Pop tries to use a button from his shirt in the cigarette machine, and when that doesn't work, a beautiful blonde woman passes by and tells him he'll need a string, too.  Lucky recognizes her from all the other movies they've done together, and is instantly smitten.  He asks her for change.  She gives him two dimes and a nickel in exchange for Lucky's lucky quarter.  Pop feels bad that Lucky lost his quarter, but still uses the dime to get a pack of cigarettes.  Pop is jonesing bad.  The dime gets stuck, and when Lucky bangs on the machine, it releases several packs as well as a bunch of coins.  They grab the loot and race off to the blonde woman, in the hopes of getting her to return the lucky quarter in exchange for some of their other change.  Lucky tries to engage in conversation, but she thinks he's just hitting on her, and blows him off.  She's crossing the street and accidentally crashes into someone, dropping her purse.  Pop picks up the purse and steals the quarter while Lucky helps her up.  Lucky gives her back her purse, still trying to get her to give him the quarter.  She looks in her purse, sees the quarter is gone and accuses him of stealing it. He denies it, while Pop stares at the ground, rolls his eyes, puts his hands in his pockets, looks super guilty, auditions for the next Farrelly Brothers movie.  The blonde (Penny) calls a policeman over and tells the cop that Lucky stole her quarter.  But she is just a stupid woman, and the cop doesn't believe her and literally shoos her away.  Pop then tells Lucky he took the quarter.  Lucky feels awful, and sees Penny walk into a dance studio.  He and Pop follow.
He tells the receptionist that he wants to take a dance lesson, and asks if he can request a teacher.  A flaming Hayes Code Approved homosexual man appears and introduces himself as the owner of the studio, and lisps around for awhile about how his "girls" are the best instructors in town. He takes Lucky to Penny, who is appalled to see him, but says nothing.  The super gay man tells Penny to teach Lucky how to dance, then swishes away.
Meanwhile Pop bothers the secretary (named Mabel, natch) who is brusque and way fatter than Penny and doesn't take his guff.  Pop asks if he can eat her sandwich.  (Possibly a metaphor).
Penny tries to teach Lucky to dance, and he acts like he can't, and keeps falling over.  Oh, the hilarity!  Penny tells him she can't teach him and he might as well just leave.  Fussy Snagelpuss McGaydude overhears this and fires Penny on the spot.  Then he hears Mabel tell Pop to buzz off, and he fires her as well.  Lucky protests and says she's an excellent teacher.  Why, look at what she's taught him.  He grabs Penny and they begin to dance.  It's a big number, they dance all over the room, etc.  Gay Dude is super stupid and thinks Penny just now taught him how to do that.  He rehires Penny.  But Mabel is still fired.  Wah wah.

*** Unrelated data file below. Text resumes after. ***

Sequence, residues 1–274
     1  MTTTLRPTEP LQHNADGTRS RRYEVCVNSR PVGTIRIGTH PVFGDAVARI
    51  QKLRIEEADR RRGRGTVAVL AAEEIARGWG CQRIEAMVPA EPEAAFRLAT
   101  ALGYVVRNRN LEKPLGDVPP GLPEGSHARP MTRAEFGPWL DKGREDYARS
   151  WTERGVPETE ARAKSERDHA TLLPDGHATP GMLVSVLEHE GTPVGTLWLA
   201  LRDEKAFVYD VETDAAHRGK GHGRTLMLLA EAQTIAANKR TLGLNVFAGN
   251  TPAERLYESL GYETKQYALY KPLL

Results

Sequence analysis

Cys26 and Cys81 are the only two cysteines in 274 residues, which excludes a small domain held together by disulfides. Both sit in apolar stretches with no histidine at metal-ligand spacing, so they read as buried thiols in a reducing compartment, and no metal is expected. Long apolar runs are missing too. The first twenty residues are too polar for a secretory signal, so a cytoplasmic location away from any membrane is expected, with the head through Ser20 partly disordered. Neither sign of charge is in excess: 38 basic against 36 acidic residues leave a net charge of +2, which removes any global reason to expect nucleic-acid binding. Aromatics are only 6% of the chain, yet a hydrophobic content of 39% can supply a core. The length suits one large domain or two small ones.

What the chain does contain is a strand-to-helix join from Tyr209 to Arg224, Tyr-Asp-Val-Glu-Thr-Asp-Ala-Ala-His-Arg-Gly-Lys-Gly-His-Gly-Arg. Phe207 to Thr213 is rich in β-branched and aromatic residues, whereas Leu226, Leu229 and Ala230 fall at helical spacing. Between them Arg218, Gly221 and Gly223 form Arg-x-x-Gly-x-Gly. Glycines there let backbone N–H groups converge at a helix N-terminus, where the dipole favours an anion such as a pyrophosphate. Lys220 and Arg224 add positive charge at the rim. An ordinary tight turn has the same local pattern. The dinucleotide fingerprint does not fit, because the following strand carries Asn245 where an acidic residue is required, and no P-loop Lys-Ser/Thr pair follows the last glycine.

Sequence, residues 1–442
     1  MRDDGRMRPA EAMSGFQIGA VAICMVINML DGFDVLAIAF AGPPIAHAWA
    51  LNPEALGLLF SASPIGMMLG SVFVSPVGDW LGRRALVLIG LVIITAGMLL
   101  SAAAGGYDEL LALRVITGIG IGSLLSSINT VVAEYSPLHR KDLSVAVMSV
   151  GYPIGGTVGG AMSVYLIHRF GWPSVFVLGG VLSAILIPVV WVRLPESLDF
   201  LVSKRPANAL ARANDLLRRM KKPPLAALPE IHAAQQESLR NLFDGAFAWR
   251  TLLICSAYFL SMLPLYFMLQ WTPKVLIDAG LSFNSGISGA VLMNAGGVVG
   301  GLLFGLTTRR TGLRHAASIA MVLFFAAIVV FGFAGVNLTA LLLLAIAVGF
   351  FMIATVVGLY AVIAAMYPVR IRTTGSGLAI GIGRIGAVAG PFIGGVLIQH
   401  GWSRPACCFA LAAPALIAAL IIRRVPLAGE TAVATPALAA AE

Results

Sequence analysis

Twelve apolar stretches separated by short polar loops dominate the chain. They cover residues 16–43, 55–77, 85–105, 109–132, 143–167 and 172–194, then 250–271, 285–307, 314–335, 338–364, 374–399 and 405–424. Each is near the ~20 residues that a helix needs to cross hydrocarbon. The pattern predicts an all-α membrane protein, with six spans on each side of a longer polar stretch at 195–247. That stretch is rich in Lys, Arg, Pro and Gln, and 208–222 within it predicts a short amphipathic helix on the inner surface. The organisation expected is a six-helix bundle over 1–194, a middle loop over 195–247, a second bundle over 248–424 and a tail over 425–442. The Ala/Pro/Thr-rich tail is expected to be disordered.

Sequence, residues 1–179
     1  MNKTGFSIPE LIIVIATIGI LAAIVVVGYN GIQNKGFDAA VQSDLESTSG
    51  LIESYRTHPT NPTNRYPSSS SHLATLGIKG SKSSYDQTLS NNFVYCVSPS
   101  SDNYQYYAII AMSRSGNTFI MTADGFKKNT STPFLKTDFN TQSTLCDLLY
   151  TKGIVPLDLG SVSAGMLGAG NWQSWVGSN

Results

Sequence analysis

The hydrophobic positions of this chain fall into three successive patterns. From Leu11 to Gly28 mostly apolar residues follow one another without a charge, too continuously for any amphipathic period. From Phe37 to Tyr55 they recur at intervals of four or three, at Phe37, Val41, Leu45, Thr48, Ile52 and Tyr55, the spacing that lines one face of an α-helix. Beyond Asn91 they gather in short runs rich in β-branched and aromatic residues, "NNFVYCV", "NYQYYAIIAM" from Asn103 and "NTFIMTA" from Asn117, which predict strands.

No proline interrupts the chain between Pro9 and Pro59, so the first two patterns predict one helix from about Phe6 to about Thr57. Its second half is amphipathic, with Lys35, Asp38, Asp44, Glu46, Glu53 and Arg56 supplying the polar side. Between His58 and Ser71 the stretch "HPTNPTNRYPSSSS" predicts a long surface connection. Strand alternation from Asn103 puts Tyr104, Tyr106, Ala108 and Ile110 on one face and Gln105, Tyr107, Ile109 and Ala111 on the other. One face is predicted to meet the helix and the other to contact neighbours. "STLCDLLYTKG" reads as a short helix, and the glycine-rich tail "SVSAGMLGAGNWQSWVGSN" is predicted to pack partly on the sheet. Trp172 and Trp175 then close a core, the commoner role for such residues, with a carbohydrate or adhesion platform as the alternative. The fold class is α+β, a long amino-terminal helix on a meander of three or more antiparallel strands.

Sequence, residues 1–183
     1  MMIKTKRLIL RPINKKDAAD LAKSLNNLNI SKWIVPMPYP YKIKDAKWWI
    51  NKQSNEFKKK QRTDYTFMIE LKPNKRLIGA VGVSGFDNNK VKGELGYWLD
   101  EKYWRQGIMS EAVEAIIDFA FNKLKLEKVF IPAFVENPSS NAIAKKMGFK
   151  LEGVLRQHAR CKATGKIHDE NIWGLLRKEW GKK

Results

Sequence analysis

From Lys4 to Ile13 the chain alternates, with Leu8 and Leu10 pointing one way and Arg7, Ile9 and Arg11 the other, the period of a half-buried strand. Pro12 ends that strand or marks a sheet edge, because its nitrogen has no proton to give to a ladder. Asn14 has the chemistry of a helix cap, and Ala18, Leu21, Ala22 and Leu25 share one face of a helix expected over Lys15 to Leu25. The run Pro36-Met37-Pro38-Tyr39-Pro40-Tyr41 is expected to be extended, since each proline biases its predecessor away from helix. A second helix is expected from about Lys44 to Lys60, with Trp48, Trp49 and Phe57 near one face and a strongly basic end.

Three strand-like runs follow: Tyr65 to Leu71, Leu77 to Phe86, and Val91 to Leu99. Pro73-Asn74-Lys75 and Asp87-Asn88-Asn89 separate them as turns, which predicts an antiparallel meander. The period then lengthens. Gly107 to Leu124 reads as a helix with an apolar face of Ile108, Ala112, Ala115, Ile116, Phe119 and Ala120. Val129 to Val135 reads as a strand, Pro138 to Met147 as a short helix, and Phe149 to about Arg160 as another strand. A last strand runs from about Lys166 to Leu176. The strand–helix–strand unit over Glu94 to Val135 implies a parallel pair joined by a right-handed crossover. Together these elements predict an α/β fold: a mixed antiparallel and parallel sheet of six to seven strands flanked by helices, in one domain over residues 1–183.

Some time later, Lucky has gambled enough to get a hotel room and lives with Pop in it. They go out on a double date with Penny and Mabel (even though Pop and Mabel just bitch at each other) to some big nightclub where a band leader named Ricardo Romero is performing with his band.  Pop learns from Mabel that Ricardo has tried on several occasions to date Penny, but she's always turned him down.  Lucky asks the owner of the club if he can audition to perform there.  The club owner says yes.  He asks Ricardo to play for him during the audition, but Ricardo, jealous of Lucky being there with Penny, refuses, saying that his contract doesn't require him to play if he doesn't want to.  Lucky decides then and there to gamble for ownership of Ricardo so that he can force him to play during his audition.  Seriously movie, what the fuck?  What the fuck.  He gambles at the casino, winning a bunch of money, until the club owner gets nervous and tries to get him to stop gambling.  Lucky says he'll give back all the money he's won if he can win ownership of the latin crooner. The club owner says no way.  Lucky suggests they gamble for it, the club owner agrees, saying they should pick a card and see who gets the highest.  Lucky agrees.  The club owner gets a King of Spades.  Lucky gulps and goes to pick.  Pop buts in, and asks if he can pick instead.  Everyone says that's fine.  Pop Ace of Spades.  Lucky wins!
He orders Ricardo to play, Ricardo does, Lucky dances, blah blah blah blah blah.
Okay, so later on Lucky tells Pop he can't be alone with Penny because he likes her, and obviously he totally wants to fuck her brains out, but they're not married, and will Pop please run interference and keep Lucky from totally fucking her brains out?  Also, Lucky almost gambles enough to win 25 grand, but stops himself just in time because if he wins 25 grand, he'll be required by law to leave NY and go back to wherever the fuck and marry the chick in the beginning of the movie.  Because that makes sense somehow.
The four of them go on a trip to the mountains in the snow, and Penny keeps wanting to go off with Lucky alone and fuck his brains out, but Lucky keeps begging Pop to watch them.  At one point Lucky almost gives in to his sinful urges and tries to kiss Penny, but Pop throws a snowball at them.  Lucky throws a snowball back, but hits Mabel.  He runs over to Mabel to help her wipe off the snow or whatever, and Pop runs over to Penny at the same time and totally spills the whole "Lucky's trying to win 25 grand to buy a woman" thing to Penny.  I guess he does this with good intentions, knowing it will keep them apart.  Lucky comes back from helping Mabel, intercepts Pop, says "never mind, I totally want to fuck her brains out after all, stop following us", and then goes back over to Penny.  Pop goes "oy" and pulls at his imaginary tie and feels stupid.  He leaves with Mabel.  Of course, now Penny wants nothing to do with him, and runs off.  Lucky's just confused.